‘I had to uproot my family’: Surrey, B.C. parents awarded over $33K for wrongful eviction

Click to play video: 'Wrongfully evicted tenant calls for changes to B.C. tenancy laws'
Wrongfully evicted tenant calls for changes to B.C. tenancy laws
A Surrey woman whose family was awarded tens of thousands of dollars for being wrongfully evicted from their home says her battle is far from over, if she wants to collect her money. Aaron McArthur reports – Nov 21, 2022

A Surrey, B.C. family of seven has been awarded $33,600 after they were wrongfully evicted from their home of about two years.

Tenants Natalie and Ryan Egger began leasing month-to-month on Dec. 7, 2018, but were served a two-month notice to leave their South Surrey house on Sept. 9, 2021, as it had been sold to their new landlord who planned to move in.

That landlord did not move in, however, but rented the property again for $4,750 — $1,950 more than what the Eggers paid, according to the arbitration decision shared with Global News.

“We were pretty upset because we felt we were wrongfully evicted at that point,” Natalie Egger told Global News on Monday.

“I had to uproot my entire family, find a new home and pay significantly more monthly, and we were very happy in the home that we were living in.”

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Under B.C.’s Residential Tenancy Act, after serving two months’ notice, a landlord must pay the tenants 12 times their monthly rent if the unit they fail to “use the rental unit for that stated purpose for at least 6 months beginning within a reasonable period after the effective date of the notice.”

The landlord filed no evidence for the Eggers’ dispute resolution hearing, but told the Residential Tenancy Branch they had lived in another province for 10 years, “the rules are different here,” and “nobody guided us.”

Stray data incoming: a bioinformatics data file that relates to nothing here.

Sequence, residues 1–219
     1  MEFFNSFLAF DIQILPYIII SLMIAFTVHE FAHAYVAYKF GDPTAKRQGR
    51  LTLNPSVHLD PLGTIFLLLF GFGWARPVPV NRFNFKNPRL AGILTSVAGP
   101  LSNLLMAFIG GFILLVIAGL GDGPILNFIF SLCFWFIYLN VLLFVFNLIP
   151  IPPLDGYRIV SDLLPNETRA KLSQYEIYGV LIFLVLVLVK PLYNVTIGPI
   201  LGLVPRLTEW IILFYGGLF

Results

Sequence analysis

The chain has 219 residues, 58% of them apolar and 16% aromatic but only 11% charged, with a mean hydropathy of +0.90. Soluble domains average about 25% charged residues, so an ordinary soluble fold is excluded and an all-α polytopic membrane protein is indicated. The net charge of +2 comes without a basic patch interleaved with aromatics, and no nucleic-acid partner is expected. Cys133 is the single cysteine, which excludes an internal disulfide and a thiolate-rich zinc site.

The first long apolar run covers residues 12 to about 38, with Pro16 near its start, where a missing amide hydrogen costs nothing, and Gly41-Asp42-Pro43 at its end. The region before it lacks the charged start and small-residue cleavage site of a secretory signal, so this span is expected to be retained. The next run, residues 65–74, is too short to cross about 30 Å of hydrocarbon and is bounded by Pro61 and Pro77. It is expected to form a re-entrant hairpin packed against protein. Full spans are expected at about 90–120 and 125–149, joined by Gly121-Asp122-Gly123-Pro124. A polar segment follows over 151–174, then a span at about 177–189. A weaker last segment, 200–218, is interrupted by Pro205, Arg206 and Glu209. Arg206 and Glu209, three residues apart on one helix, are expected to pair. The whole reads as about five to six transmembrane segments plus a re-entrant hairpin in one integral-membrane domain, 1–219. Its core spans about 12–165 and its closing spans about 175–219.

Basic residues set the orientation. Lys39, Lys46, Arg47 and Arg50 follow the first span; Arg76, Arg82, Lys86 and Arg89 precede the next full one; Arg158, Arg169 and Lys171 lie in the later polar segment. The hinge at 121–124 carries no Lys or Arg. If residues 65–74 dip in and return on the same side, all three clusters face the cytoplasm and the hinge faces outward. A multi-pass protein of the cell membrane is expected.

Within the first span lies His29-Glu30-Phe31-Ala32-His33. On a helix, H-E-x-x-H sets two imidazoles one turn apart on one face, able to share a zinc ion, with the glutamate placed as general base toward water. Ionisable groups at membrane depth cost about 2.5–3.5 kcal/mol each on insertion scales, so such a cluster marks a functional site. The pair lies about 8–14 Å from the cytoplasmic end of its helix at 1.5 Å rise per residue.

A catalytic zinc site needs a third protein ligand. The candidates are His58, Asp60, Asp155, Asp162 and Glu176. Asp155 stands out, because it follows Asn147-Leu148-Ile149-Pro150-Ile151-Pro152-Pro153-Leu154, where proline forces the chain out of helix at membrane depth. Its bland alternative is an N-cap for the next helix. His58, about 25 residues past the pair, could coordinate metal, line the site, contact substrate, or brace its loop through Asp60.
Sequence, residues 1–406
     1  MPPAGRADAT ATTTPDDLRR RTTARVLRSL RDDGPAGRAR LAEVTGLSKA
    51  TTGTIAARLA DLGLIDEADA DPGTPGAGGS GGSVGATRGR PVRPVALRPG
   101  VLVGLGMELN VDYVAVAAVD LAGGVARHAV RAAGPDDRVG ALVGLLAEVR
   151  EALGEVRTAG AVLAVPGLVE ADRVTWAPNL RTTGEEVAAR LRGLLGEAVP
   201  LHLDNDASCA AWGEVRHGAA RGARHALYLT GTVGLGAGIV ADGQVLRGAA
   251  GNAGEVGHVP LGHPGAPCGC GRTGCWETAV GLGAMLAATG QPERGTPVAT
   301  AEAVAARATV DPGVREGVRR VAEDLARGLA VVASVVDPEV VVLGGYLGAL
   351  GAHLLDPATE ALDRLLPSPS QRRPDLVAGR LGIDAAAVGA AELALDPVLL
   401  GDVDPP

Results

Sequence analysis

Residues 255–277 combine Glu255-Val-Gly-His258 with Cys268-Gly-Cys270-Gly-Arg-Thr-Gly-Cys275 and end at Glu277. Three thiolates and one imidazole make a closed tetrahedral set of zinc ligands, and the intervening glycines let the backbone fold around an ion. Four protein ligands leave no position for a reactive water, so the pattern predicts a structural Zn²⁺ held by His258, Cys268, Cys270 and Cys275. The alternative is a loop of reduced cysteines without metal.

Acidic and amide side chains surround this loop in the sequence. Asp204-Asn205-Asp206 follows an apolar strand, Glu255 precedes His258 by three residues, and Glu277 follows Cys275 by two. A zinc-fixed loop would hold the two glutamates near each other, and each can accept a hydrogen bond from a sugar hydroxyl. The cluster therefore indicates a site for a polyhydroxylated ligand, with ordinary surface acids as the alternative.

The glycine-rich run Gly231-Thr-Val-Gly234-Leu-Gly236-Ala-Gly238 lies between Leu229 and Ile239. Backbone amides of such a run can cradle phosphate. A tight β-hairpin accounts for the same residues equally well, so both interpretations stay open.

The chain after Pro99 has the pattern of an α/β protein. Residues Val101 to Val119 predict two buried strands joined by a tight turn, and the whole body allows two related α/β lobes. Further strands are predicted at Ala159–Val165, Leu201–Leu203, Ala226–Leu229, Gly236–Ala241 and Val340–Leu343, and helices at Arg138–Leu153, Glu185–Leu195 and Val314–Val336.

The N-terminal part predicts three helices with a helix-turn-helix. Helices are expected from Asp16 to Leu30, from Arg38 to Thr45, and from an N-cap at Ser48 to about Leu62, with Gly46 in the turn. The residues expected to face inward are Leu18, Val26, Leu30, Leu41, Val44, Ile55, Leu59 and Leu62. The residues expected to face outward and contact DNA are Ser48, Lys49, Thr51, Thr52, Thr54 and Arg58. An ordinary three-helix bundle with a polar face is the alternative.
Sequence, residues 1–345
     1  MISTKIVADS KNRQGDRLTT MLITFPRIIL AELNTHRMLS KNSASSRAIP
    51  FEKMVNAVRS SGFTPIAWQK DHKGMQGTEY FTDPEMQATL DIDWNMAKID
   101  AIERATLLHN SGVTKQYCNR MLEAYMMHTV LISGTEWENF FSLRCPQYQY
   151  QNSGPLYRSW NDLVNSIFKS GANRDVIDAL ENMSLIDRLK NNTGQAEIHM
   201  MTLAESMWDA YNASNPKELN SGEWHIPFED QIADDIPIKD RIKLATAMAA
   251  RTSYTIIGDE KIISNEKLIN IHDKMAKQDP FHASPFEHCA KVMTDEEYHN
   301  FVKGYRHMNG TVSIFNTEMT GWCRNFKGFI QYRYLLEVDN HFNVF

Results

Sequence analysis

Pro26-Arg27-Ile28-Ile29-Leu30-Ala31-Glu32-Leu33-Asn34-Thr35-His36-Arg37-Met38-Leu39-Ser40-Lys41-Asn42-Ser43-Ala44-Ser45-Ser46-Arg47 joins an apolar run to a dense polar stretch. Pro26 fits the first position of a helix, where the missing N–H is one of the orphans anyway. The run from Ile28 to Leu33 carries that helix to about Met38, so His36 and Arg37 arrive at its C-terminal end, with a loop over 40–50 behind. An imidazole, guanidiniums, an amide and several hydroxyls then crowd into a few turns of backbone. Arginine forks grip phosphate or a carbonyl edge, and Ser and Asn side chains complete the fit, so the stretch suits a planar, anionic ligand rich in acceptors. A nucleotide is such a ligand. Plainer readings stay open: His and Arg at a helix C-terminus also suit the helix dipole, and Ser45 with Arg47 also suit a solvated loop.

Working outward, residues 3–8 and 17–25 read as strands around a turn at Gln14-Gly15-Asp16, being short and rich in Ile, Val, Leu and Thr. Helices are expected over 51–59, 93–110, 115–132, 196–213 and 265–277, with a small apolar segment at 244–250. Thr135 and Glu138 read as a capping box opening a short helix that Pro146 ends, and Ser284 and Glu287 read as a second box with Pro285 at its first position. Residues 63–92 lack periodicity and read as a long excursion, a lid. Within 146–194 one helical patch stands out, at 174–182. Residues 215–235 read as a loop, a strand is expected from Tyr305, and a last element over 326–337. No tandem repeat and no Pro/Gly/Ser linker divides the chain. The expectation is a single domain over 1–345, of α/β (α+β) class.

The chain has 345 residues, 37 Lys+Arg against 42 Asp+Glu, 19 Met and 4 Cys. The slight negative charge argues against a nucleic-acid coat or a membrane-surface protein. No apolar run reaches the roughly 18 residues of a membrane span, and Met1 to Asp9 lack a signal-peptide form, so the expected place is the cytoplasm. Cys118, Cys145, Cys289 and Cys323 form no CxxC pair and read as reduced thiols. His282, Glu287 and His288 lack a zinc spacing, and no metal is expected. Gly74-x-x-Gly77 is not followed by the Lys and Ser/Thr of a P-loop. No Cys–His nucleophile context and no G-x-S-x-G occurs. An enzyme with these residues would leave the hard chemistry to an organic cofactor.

“The landlord testified that their circumstances had changed and the landlord’s husband suffered a severe heart attack,” reads the document dated Oct. 18, 2022.

“The landlord was unable to confirm the exact date when their husband had the heart attack, and when questioned several times finally responded ‘a year and a few months.'”

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Neither the arbitrator nor Egger felt that living out of province was an excuse for not knowing one’s responsibilities under the law.

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Egger said it “felt pretty good” to have the Residential Tenancy Branch side with her family in the hearing, but would have ultimately preferred not to have left the property.

Adding insult to injury, she added, is that she and her partner are left to contact the property owners themselves and will have to go to court if the landlords don’t pay.

“It seems like the process in general is very disjointed and I wish it was more seamless,” she said.

“We now have to write a letter to the owners of the property to receive our monetary orders … and are given pretty vague guidelines on what to ask for.”

In an interview, B.C. Minister Responsible for Housing Murray Rankin said the Residential Tenancy Branch has a “compliance and enforcement unit” that can “levy penalties where required.” Normally, however, a decision is “enforced in the courts” and that’s a “very typical situation for administrative tribunals,” he added.

“The fact that this government got in that bad faith eviction section allows for real penalties to be exacted, sometimes thousands of dollars,” Rankin said.

“I would be the first to say that indeed, lately, because of post-pandemic delays, justice delayed is justice denied. We need to do better in getting the decisions out sooner.”

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Reform is a possibility, he told Global News.

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Egger said she would like to see a more “streamlined” process with clear information outlining the steps residents need to take both for dispute resolution, and if needed, in small claims court.

“I feel there needs to be more responsibility from the real estate agents as well to ensure that they’re fully informing the people who are making the purchase that this is what the tenants are paying … and if they can’t afford the mortgage on the property perhaps they should look somewhere else.”

Egger said the landlords have 15 days from the date they receiver her monetary order to respond. If that doesn’t happen, they go back to arbitration before going to court.

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